As a kid growing up in Portland, Oregon, Luna Abadia was always curious about the nature around her. She carried a diary with her, which she called her “Book of Questions”, and filled it with observations of her world.
What if we sneeze? She wrote. Why is my dog’s nose wet?
She’s not sure if she ever answered all of her questions, but it piqued her interest in science and etymology.
But when she went to school and learned the realities of climate change, she was overcome by a “feeling of hopelessness” and a fear of what the world would look like as it ages.
She said she had many breakdowns because of the uncertainty, but now that she has found a way to change something, she is turning her fear into action.
“Climate action is not necessarily like sacrificing or debilitating,” Abadia said. “I think it’s more of an investment for my future. It definitely affects me, but I also no longer have mental breakdowns. I’ve learned to channel that fear into a sense of action and motivation. That kept me going and helped me deal with the immensity of this problem. “
Abadia, 17, is the founder of the Effective Climate Action Project, a youth-led environmental organization focused on promoting systemic solutions to climate change.
Abadia is GeekWires Junior Geek of the Month for July. The monthly award, presented by the Northern Trust, recognizes talented young scientists, innovators, creators and entrepreneurs in the Pacific Northwest.
Luna Abadia of the Effective Climate Protection Project. (Courtesy photo of Luna Abadia)
A large part of Abadia’s work on the Effective Climate Action Project is moderating climate simulation workshops. It also helps to promote the engagement of young people and provides information about steps that can be taken to combat climate change.
The project uses two computer models designed by MIT and Climate Interactive that allow participants to input various policy solutions to climate change, such as promoting afforestation or eliminating fossil fuels. The simulations allow not only young people but also business leaders to see the results of each of these solutions.
Abadia started the project last summer when the world was rocking from COVID-19. After a year, Abadia is still seeing the effects of climate change in the Pacific Northwest. She mentioned the recent heat wave, forest fires, and poor air quality, which have put climate change into focus for people.
Last year, the Effective Climate Protection Project organized 16 workshops for around 150 people. Now, Abadia said, her foundation is launching a global internship program to train young people to educate others about climate change and lead simulations.
Abadia was one of the winners of T-Mobile’s Changemaker Challenge. Her team raised $ 5,000 in seed capital and a trip to Bellevue, Washington, for the Changemaker Lab to develop action plans.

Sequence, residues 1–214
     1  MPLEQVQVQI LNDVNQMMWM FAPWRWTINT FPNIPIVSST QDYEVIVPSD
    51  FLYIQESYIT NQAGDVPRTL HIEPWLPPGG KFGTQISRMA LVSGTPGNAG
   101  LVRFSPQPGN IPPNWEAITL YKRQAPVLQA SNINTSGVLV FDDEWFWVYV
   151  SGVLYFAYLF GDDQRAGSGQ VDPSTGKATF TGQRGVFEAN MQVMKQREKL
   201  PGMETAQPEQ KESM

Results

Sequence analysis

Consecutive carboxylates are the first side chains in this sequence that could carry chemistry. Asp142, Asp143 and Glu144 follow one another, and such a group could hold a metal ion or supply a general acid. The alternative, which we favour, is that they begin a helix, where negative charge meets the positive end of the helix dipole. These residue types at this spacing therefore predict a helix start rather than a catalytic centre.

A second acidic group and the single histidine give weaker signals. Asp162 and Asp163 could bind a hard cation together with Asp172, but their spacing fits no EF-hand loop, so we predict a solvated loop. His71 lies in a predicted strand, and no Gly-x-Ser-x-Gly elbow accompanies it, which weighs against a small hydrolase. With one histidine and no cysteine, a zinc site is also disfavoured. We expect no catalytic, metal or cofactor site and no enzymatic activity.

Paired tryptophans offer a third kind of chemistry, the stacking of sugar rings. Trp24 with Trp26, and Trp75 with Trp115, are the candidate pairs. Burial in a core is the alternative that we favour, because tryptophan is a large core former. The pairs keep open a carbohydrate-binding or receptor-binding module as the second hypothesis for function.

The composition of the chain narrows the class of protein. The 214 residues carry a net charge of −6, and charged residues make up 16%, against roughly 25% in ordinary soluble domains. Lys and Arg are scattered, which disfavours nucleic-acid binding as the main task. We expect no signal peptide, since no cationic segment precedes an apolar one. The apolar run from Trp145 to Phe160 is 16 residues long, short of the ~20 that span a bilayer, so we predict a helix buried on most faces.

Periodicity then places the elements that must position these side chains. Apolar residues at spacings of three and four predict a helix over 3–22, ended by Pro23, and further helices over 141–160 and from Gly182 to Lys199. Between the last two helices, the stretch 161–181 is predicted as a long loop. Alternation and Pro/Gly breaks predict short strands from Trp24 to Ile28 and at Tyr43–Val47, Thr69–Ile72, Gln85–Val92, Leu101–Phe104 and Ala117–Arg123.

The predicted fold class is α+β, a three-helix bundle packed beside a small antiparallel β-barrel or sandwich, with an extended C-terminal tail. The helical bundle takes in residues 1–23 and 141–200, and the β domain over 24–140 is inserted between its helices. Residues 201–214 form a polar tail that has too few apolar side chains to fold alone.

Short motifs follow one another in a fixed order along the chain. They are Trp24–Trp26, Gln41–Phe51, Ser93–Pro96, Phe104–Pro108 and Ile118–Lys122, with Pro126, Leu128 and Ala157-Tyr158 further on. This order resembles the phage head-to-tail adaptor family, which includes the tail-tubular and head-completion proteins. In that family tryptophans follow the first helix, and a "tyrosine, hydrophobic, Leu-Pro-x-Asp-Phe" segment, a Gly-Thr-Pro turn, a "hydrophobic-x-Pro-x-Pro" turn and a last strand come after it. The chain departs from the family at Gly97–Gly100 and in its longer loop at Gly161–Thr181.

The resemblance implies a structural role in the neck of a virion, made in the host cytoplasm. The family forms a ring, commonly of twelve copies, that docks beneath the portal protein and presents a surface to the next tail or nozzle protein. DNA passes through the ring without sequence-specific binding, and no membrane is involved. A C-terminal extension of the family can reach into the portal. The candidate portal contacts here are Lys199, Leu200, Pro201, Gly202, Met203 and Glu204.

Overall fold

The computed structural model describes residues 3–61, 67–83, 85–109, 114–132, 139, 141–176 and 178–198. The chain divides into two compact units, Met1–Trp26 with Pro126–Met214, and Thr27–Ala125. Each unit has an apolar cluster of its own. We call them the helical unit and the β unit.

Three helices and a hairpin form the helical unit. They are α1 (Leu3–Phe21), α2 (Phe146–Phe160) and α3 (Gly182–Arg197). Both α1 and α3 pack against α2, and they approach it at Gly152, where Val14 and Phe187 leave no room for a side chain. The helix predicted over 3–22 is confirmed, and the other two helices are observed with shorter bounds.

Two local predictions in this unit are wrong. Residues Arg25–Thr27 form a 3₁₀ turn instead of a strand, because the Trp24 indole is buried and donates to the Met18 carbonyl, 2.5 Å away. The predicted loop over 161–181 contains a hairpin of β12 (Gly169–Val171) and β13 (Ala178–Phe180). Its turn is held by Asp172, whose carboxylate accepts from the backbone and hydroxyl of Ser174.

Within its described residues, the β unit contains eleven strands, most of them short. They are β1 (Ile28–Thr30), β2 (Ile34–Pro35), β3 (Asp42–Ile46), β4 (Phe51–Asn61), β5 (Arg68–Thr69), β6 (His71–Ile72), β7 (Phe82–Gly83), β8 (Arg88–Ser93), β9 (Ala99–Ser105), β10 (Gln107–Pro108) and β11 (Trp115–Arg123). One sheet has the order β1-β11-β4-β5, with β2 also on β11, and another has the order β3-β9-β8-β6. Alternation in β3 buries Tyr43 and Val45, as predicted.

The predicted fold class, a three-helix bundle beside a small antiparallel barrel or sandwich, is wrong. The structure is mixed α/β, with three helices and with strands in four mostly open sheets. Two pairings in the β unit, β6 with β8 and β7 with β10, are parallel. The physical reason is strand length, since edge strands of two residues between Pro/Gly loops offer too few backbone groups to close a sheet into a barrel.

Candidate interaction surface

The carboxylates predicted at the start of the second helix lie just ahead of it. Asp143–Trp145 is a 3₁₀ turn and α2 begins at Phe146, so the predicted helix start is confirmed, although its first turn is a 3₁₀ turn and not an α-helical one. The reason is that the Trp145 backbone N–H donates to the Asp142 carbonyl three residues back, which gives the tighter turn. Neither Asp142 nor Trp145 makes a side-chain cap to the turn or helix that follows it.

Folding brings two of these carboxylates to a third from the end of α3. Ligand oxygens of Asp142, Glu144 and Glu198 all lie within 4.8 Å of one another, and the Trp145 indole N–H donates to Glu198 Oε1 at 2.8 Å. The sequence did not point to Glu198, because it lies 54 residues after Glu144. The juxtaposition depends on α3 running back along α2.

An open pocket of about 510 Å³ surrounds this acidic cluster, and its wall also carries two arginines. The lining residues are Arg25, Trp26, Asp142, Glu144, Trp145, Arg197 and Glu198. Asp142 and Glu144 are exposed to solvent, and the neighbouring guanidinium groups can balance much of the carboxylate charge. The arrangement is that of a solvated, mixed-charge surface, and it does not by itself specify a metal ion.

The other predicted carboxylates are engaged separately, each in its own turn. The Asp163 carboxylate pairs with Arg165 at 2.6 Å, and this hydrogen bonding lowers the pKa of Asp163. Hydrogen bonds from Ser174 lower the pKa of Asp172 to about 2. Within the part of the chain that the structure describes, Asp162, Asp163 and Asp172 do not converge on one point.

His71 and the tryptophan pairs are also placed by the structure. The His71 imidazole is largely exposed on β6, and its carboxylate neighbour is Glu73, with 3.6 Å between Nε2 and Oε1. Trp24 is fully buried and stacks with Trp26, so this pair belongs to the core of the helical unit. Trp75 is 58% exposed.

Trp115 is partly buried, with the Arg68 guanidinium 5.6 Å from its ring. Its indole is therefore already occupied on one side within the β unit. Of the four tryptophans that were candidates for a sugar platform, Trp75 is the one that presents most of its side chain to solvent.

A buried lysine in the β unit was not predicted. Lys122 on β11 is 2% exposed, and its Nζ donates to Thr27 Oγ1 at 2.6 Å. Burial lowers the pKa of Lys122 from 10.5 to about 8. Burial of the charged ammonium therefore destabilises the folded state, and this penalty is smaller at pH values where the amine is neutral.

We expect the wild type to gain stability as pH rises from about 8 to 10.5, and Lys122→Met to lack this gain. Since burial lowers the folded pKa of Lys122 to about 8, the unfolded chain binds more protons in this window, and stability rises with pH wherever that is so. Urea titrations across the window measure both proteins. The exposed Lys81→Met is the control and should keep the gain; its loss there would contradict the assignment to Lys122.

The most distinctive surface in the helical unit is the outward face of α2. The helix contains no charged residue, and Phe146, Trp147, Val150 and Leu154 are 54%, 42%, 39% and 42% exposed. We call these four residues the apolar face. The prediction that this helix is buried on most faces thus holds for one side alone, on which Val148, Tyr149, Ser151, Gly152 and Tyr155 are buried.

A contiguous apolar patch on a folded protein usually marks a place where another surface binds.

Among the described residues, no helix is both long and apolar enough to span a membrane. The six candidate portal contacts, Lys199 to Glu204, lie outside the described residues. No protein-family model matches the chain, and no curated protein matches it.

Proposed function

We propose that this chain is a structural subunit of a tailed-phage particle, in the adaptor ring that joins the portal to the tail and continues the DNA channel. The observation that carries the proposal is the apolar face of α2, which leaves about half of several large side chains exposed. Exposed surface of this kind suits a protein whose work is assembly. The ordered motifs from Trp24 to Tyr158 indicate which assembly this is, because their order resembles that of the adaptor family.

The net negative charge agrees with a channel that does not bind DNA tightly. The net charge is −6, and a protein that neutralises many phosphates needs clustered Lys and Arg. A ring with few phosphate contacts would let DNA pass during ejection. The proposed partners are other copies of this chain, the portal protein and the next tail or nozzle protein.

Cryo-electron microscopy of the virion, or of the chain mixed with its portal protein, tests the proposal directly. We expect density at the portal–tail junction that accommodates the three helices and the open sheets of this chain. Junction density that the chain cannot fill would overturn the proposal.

In the long term, Abadia sees her organization expanding its reach on social media. She hopes to be able to help people to reconcile individual and collective climate protection measures. She also hopes to provide school teachers with curricula for teaching climate change.
But Abadia is still a high school graduate and is busy applying for college. She hopes to establish a mentoring program as part of the Effective Climate Action Project to pass it on to more young people.
Luna Abadia as a young girl in the forest. (Courtesy photo by Luna Abadia)
Abadia isn’t sure what she’s going to study in college, but she’s interested in a lot of things. In addition to English, she speaks Spanish and Japanese. She spent time abroad as a student in Japan and loves learning about Japanese food and Japanese culture. Abadia continues to hope to be active in environmental policy and climate advocacy. She hopes to find the intersection of these in international relations.
Outside of work, Abadia loves hiking, running, reading, and writing. In the future she hopes to travel to Japan again and also to Colombia, where she has family.
Abadia said she wanted to tell other young people that they don’t have to set up their own organization to make a difference.
“Everyone has their own way of influencing climate change and other issues that are important to them,” Abadia said.
Nominate a junior geek
GeekWire will feature a new Junior Geek of the Month in profiles designed to show how they want to have a positive impact on the world through their geeky activities. In addition, they receive special recognition from our project partner Northern Trust.
Do you know an extraordinary junior geek aged 12 to 20 who is going to change the world? Submit a nomination.
Nominees must be Pacific Northwest residents and nominees under the age of 18 must provide information about their parents.
Read more about our previous Junior Geek of the Month winners.